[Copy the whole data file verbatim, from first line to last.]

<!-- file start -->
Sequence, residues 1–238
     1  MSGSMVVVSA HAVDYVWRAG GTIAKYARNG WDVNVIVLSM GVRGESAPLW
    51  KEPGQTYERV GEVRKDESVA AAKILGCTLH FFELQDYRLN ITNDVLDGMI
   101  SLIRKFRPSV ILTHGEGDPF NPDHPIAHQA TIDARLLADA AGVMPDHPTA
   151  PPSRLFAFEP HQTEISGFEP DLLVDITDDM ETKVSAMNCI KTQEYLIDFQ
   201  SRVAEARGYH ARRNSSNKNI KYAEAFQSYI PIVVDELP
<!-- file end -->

Sequence, residues 1–238
     1  MSGSMVVVSA HAVDYVWRAG GTIAKYARNG WDVNVIVLSM GVRGESAPLW
    51  KEPGQTYERV GEVRKDESVA AAKILGCTLH FFELQDYRLN ITNDVLDGMI
   101  SLIRKFRPSV ILTHGEGDPF NPDHPIAHQA TIDARLLADA AGVMPDHPTA
   151  PPSRLFAFEP HQTEISGFEP DLLVDITDDM ETKVSAMNCI KTQEYLIDFQ
   201  SRVAEARGYH ARRNSSNKNI KYAEAFQSYI PIVVDELP